That the EEO cannot have been reasonably expected to investigate a disability discrimination claim is evident because the entire administrative record is devoid of any mention of disability or disability discrimination. Plaintiff does not dispute that: (1) his informal counseling complaint did not assert a claim for disability discrimination (see Dkt. No. 29-1 at 3); (2) the statement of facts he submitted and the information he provided to an EEO counselor during informal interviews did not identify disability discrimination as a basis for his claims (see id. at 3, 7); (3) the factual statement he attached to his formal EEO complaint made no mention whatsoever of disability (see id. at 14-15); (4) he "never attempted to amend his EEO charge to reflect his Rehabilitation Act claim," Leong, 347 F.3d at 1122, even though he formally amended his EEO complaint after Defendant terminated his employment (Dkt. No. 29-2 at 3); (5) he answered the EEO's inquiry about alternative claims by denying that he was asserting a claim for age discrimination (see Dkt. No. 29-1 at 17); (6) he never responded to written correspondence from the EEO advising him to correct any mistakes about the nature of his claims (see Dkt. Nos. 29-1 at 20, 29-2 at 15); (7) both administrative decisions mention only gender discrimination and retaliation as the bases for his claims (see Dkt. Nos. 29-2 at 18, 29-3 at 24); and (8) his testimony at his fact-finding conference makes no mention whatsoever of disability or disability discrimination (see Dkt. Nos. 29-4, 29-5, 32-1 at 27-44). Although Plaintiff alluded to "sick leave," "health problems," and "medical stuff" during his testimony (Dkt. Nos. 29-5 at 2, 32-1 at 43:6-7 and 43:19-23), his statements are insufficient to put the EEO on notice that he intended to allege disability as a basis for a discrimination claim. See Tillman v. City & Cnty. of San Francisco, No. C 09-01832 WHA, 2009 WL 3349542, at *3 (N.D. Cal. Oct. 15, 2009) (holding that the plaintiff's reference to her previous lawsuit for disability, race, and gender discrimination in her administrative charge was not sufficient to exhaust her administrative remedies regarding her Fair Employment and Housing Act claim for disability discrimination).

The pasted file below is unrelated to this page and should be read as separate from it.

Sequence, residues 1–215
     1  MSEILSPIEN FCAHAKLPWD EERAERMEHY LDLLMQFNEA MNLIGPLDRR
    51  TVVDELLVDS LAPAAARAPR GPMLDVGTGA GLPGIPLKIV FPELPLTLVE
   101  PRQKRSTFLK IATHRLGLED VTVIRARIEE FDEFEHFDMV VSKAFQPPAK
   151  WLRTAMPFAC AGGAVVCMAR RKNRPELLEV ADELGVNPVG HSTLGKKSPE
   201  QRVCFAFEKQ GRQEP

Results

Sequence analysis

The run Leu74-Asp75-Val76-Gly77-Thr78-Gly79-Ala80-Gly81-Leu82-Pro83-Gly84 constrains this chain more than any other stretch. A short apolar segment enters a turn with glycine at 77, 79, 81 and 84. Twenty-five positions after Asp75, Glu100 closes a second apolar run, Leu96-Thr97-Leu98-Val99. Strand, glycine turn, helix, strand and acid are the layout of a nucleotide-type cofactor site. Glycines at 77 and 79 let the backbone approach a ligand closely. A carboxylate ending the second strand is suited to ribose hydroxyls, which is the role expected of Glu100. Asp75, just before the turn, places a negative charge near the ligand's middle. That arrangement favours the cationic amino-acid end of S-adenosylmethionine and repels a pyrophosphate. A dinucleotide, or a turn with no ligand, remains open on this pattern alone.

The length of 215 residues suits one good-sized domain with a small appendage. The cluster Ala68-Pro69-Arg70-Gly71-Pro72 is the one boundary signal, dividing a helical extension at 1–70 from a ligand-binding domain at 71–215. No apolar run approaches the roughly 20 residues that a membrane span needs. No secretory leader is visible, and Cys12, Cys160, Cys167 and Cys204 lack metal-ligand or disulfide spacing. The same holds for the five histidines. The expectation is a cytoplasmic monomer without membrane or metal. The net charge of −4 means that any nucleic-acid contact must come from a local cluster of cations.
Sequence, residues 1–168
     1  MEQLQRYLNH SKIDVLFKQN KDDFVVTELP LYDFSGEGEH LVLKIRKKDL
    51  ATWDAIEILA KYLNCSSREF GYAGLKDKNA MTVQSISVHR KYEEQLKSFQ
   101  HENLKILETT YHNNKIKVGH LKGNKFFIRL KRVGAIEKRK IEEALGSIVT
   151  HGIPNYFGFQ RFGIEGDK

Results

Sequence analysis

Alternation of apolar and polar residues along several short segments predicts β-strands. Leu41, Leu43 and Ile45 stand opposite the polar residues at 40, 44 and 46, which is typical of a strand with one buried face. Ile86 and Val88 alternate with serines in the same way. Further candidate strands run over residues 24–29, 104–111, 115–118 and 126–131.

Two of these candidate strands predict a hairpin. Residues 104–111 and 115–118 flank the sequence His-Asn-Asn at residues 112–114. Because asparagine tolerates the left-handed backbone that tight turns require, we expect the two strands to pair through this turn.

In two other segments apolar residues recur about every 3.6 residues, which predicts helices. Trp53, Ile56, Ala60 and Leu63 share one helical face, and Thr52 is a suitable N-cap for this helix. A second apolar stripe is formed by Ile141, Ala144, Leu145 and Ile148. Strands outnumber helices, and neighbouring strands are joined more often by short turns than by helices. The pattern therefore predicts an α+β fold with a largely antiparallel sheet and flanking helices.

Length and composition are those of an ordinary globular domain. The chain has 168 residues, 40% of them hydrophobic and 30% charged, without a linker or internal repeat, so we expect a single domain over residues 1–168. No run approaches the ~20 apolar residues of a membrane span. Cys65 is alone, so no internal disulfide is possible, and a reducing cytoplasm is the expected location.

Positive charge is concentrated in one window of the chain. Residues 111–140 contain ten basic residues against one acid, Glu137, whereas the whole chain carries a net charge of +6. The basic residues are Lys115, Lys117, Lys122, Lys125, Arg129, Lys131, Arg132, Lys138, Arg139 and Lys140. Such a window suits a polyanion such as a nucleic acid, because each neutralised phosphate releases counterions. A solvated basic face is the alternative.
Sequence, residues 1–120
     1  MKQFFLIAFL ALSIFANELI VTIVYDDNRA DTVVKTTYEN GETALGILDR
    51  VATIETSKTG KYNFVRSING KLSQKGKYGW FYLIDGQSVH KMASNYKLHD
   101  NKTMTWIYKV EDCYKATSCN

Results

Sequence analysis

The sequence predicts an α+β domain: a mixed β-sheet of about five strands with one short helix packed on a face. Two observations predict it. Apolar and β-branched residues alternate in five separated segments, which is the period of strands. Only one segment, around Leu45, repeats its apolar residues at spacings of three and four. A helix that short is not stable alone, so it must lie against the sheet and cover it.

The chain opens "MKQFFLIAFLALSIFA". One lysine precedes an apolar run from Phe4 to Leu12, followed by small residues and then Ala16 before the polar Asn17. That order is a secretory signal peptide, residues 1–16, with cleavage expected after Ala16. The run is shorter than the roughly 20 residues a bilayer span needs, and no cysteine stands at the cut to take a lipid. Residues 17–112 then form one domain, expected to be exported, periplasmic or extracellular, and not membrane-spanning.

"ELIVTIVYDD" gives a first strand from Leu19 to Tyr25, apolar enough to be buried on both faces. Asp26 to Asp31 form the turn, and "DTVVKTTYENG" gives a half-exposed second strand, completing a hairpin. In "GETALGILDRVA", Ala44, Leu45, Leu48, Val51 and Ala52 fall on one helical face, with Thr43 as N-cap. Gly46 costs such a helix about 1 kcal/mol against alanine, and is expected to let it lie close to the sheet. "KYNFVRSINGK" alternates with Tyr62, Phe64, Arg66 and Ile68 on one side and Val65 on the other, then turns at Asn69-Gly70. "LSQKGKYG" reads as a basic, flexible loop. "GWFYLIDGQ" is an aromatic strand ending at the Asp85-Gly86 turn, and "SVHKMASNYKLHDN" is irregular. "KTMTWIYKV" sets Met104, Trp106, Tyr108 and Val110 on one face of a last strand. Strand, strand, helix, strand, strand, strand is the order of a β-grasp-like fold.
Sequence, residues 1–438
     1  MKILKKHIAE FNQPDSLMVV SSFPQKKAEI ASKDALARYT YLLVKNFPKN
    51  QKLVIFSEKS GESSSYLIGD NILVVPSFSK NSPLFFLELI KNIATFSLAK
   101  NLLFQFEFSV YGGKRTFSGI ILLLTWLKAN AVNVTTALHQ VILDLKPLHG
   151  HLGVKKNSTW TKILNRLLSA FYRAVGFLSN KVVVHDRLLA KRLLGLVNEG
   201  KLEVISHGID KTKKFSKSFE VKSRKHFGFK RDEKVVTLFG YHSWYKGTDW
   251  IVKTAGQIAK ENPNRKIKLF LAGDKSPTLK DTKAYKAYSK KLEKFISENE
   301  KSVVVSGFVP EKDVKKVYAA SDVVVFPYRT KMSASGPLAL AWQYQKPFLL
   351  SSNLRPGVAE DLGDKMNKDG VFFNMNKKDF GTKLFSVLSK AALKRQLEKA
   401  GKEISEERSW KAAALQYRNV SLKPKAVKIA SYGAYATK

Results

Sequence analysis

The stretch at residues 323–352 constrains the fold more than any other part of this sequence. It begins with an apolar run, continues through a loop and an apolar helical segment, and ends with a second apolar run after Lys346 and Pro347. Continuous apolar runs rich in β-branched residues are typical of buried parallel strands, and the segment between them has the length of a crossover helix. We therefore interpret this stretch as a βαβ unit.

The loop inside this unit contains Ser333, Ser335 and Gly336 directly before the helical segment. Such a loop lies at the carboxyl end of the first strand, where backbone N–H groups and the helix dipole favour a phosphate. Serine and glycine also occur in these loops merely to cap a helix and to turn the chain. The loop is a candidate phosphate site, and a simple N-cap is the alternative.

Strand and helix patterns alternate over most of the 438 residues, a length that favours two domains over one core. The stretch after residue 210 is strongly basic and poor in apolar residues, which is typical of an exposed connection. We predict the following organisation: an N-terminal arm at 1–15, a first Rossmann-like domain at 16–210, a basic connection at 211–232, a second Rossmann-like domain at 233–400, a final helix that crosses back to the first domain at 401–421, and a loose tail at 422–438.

During the fact-finding conference, Plaintiff had the opportunity to, but did not, correct any mistakes about the nature of his claims. (See Dkt. No. 32-1 at 28:9-23 ("The claims that are currently under investigation are: Was [Plaintiff] discriminated against on the basis of sex (male) and reprisal (previous Title 7 activity) . . . [I]s that an accurate reflection of the issues and bases in your current complaint?").)